Bottom trawling is an indiscriminate method of fishing which has been around for hundreds of years, more or less unchanged. For centuries people worldwide have scoured the sensitive ecosystems from the bottom of the seas. What were once beautiful environments, are now little more than barren wastelands.
New Zealand is lucky in that our country was settled more recently than many of these areas, meaning our waters and seabed communities have suffered this punishment for a much shorter period. Possibly why in some quarters we are seen as a success story. But at the rate we are going it’s possible we could be catching up, in terms of seabed damage, faster than we thought. This is a concern for all New Zealanders.
The environment is there to sustain not only us but complex ecosystems now and in the future. That’s why LegaSea promotes shifting industrial fishing including trawling offshore, past the 100m depth contour.
Royal petition to ban trawling
As far back as 1376 there are documented records of the destructive nature of trawling. This came in the form of a petition to King Edward III and the British government about the use of an early form of a beam trawl, the wondyrchoum (known in Dutch as a wonderkuil). The wondyrchoum was said to be a six meters long, three-meter-wide net, held to the bottom with rocks and open at the top by being nailed to a long beam with a frame at either side. Sound familiar??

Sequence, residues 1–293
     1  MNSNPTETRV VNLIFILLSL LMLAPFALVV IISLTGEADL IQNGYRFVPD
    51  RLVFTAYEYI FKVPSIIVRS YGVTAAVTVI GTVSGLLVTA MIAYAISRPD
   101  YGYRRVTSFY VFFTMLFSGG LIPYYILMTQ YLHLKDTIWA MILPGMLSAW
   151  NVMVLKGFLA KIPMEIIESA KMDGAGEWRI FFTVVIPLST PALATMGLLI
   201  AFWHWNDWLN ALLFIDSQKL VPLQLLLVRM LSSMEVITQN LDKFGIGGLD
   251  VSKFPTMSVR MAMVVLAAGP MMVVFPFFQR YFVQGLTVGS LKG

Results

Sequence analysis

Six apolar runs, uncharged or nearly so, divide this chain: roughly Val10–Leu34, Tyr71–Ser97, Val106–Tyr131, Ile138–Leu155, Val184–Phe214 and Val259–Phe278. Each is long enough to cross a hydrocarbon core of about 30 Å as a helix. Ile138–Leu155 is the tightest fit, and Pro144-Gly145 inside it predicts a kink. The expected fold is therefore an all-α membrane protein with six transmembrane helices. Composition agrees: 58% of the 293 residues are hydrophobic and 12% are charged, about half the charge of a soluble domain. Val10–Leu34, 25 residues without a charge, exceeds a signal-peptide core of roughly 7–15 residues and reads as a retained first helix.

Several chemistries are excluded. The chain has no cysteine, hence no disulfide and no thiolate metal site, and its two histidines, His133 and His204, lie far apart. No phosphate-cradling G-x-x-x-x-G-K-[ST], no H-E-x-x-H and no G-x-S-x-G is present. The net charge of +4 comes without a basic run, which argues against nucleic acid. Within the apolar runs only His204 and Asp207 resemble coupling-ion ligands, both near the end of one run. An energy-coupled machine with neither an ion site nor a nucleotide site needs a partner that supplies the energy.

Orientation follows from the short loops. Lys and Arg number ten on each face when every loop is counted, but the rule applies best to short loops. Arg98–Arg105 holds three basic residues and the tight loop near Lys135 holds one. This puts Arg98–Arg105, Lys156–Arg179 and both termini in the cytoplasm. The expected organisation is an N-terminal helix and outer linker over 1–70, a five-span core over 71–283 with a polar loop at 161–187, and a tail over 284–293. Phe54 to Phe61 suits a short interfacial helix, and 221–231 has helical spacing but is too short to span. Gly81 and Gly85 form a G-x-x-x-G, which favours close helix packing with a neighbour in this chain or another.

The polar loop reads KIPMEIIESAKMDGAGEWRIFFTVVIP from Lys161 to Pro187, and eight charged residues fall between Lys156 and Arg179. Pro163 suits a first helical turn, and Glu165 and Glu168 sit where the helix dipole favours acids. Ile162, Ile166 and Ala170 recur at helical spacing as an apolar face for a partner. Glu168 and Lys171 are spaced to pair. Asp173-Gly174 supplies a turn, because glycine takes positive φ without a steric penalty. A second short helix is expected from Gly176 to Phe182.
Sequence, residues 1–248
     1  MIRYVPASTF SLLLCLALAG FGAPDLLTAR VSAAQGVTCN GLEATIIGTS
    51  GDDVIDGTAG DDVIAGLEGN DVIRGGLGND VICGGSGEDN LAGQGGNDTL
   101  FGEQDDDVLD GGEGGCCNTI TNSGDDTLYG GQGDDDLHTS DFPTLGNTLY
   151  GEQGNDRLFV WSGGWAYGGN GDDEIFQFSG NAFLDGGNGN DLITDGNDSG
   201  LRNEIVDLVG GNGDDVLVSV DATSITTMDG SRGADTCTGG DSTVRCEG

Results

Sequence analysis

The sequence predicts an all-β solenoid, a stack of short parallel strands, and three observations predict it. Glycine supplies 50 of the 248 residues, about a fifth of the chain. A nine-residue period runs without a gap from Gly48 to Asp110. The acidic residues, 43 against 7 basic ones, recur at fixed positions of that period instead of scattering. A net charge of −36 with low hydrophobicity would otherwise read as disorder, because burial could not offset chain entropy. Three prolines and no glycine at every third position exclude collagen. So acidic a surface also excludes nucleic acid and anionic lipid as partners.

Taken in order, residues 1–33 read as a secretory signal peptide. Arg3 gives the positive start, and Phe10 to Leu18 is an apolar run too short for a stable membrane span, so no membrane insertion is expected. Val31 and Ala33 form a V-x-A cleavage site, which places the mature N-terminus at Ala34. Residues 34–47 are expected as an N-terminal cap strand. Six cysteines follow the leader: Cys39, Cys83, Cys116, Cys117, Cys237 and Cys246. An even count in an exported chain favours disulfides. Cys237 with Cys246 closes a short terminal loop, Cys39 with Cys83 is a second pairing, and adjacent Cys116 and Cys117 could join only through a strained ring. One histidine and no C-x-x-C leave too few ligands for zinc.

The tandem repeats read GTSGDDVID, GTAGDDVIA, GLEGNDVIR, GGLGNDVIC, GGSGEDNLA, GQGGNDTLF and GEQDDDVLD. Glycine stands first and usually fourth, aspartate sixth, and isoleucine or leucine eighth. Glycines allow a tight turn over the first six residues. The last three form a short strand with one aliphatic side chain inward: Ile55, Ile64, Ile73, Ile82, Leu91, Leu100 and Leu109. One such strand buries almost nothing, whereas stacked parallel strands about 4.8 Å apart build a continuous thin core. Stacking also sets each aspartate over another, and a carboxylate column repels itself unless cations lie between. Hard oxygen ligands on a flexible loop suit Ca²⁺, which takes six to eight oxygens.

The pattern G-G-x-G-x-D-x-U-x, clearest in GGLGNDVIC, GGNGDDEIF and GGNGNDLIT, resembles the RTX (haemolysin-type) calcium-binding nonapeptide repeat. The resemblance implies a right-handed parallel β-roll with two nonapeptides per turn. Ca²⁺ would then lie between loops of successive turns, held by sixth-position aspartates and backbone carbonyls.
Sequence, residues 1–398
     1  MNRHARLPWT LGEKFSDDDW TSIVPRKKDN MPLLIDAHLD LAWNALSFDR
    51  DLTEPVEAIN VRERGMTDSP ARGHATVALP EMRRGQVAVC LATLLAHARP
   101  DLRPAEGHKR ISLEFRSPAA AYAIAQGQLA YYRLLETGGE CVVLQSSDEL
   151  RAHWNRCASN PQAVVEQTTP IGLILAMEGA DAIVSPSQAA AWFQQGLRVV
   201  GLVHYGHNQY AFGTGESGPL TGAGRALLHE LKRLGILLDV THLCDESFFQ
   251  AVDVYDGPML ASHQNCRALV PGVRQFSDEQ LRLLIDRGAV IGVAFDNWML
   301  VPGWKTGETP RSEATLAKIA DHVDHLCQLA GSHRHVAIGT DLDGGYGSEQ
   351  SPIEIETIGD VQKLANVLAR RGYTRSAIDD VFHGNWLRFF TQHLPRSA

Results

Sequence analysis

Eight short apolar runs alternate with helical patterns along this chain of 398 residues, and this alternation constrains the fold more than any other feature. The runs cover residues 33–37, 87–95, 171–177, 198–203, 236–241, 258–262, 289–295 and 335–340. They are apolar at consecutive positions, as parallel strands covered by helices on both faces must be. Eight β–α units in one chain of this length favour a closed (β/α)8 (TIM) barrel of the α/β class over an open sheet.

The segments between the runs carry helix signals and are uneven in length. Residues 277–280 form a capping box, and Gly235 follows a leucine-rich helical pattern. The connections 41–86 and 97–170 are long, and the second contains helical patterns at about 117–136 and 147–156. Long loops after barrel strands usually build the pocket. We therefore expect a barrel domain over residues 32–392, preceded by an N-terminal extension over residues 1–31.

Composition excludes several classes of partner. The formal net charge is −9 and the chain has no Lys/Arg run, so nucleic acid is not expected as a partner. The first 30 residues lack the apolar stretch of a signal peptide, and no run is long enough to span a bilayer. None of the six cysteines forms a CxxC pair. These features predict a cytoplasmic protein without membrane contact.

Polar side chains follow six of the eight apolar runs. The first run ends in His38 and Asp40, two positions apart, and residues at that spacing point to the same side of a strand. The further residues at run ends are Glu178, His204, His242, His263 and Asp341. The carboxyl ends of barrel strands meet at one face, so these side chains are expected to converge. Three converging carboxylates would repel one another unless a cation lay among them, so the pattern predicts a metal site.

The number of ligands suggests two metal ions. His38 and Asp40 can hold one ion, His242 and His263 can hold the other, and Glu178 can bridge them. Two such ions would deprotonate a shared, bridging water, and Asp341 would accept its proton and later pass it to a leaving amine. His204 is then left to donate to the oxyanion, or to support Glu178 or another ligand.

The petitioners alleged that the Wondyrchoum ran over the sea floor destroying all life on the bottom, including all the plant life and spat that was required for all other manners of sea life to feed upon. It was also said that the fishermen took more small fish that they had use for, which they ended up feeding to their “fat pigs”. All the people of the realm were said to be suffering from the use of this trawl.
Upon receiving this petition, the use of this method was outlawed around Britain and remained that way for centuries, although it was still carried out in secret. It was made illegal all over Europe and even made a capital offence in some areas. Two fishermen were executed in England in 1584 for having metal chains attached to the bottom of their nets (similar to that used now on most bottom trawlers).
It wasn’t until the 1800’s with the invention of the engine and the overturn of many Acts, that trawling became so widely ‘successful’. Though there was still much opposition to the practice.
As far back as 600 years ago, the decision-makers recognised the destructive power of bottom trawling. It is hard to fathom why our decision-makers allow industrial-scale trawling in inshore waters to be one of the main ways fish are caught today.
All that time ago they prioritised the health of the environment over the fattening of the pigs, maybe it is about time we did the same.